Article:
16/05/2017 12:12 SAST | Updated 16/05/2017 12:12 SAST

'This Is Not A Drill': Cape Town Issues Drought Crisis Warning

Dam levels are effectively at 11.2% as much of the remaining water is unusable.

Water reserves in Cape Town are dangerously low and the City has issued a critical warning to all users to cut all "non-essential" use of water.

Dam levels continue to decline amid persisting drought and high consumption levels above the City's set targets.

Storage levels are at 21.2%, down 0.8% from a week ago, the City of Cape Town's media office has said. Approximately 10% of the remaining water reserves, however, are unusable which means dam levels are "effectively at 11.2%".

The City's Mayoral Committee is expected to recommend Level 4 water restrictions be implemented from Tuesday which would impose a ban on "all use of municipal water for outside and non-essential purposes".

Come "rain or shine", Mayoral Committee Member for Informal Setllements, Water and Waste Services Xanthea Limberg says the City has reached a point where all consumers must consume less than 100 litres per day. "Stop flushing toilets when not necessary, shower for less than two minutes a day or use a wet cloth for a 'wipe-down'," she said.

According to Water Wise, a single seven-minute shower (using up to 15 litres per minute) would alone require 105 litres.

'Naming and shaming'
The City in February released a list of the 100 highest water consumers in the city whose collective consumption was approximately 25 million litres per month. Some of the highest users were concentrated in affluent areas including Bishop's Court and Constantia.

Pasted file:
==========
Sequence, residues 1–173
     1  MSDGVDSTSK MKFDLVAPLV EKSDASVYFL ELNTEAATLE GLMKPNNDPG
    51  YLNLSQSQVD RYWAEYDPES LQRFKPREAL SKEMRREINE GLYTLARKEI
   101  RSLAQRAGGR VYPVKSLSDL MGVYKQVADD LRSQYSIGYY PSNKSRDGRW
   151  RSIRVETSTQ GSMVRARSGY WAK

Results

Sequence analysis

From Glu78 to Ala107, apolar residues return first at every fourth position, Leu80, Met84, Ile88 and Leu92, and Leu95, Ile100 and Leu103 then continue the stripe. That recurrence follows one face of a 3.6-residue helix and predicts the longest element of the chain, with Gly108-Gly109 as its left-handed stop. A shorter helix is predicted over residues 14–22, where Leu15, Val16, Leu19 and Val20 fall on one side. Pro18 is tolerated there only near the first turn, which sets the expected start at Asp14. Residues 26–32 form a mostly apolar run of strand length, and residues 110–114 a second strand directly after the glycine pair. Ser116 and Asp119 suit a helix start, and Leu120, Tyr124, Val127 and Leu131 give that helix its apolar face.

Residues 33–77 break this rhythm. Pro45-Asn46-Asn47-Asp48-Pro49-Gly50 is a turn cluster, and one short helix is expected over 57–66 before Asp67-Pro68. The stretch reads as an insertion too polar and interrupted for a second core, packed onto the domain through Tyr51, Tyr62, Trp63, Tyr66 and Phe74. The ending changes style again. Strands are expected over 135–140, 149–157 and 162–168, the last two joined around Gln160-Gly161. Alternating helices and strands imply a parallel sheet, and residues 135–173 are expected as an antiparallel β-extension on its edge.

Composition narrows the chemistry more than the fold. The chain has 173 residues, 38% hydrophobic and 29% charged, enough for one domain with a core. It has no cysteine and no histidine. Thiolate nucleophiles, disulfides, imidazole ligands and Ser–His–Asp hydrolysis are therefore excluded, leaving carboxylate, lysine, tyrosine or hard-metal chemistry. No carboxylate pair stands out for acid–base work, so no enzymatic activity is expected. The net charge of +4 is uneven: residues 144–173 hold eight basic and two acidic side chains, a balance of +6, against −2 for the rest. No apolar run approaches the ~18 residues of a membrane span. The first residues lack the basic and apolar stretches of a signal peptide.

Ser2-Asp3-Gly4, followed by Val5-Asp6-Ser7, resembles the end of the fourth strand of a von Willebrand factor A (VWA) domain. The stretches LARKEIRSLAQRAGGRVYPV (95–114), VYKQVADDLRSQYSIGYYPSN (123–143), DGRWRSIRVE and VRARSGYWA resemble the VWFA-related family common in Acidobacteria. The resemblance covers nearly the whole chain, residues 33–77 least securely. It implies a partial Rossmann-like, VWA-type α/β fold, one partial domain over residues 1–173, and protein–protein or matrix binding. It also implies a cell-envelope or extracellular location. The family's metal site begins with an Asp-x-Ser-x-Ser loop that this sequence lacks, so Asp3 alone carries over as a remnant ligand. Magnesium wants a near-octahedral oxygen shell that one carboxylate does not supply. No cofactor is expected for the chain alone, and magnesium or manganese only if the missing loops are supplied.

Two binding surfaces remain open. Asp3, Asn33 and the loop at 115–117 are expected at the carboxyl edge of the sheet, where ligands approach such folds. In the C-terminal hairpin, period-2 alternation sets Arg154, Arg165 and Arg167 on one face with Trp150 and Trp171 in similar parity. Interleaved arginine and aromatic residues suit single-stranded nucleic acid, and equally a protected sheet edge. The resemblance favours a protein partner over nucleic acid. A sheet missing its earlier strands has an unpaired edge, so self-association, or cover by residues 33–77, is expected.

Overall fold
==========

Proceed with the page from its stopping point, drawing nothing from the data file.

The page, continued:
Total consumption in Cape Town in February had increased to 837 million litres per day above the City's targets of 700 million litres per day.

The current consumption target is now 600 million litres per day and the latest figures, according to the City, show overconsumption of 118 million litres producing total collective usage of of 718 million litres per day.

'Use water only for drinking, washing and cooking'
Limberg says the "only real immediate intervention is to cut usage" and has appealed to individuals and business to urgently reduce consumption.

The City has advised residents to observe the following:

  • Only flush the toilet when necessary. Don't use it as a dustbin. 'If it's yellow let it mellow. If it's brown, flush it down'

  • Take a short 2-minute shower. A standard (non-water-saving) showerhead can use as much as 16 litres per minute.

  • Collect your shower, bath and basin water and re-use it to flush your toilet, and for the garden and cleaning. So-called grey water use has some health and hygiene risks you must avoid. Keep hands and surface areas sanitised/disinfected.

  • Defrost foods in the fridge or naturally rather than placing it under running water.

  • Use a cup instead of running taps in the bathroom or kitchen, for brushing teeth, shaving, drinking etc.

  • Wait for a full load before running washing machines and dishwashers. The rinse water from some washing machines can be reused for the next wash cycle.

  • Switch to an efficient showerhead which uses no more than 10 litres per minute, as per the City's by-law.

  • Upgrade to a multi-flush toilet and/or put a water displacement item in the cistern which can halve your water use per flush.

  • Fit taps with aerators or restrictors to reduce flow to no more than 6 litres per minute, as per the City's by-law.

Further information on the City of Cape Town's water restrictions can be accessed on the City's website: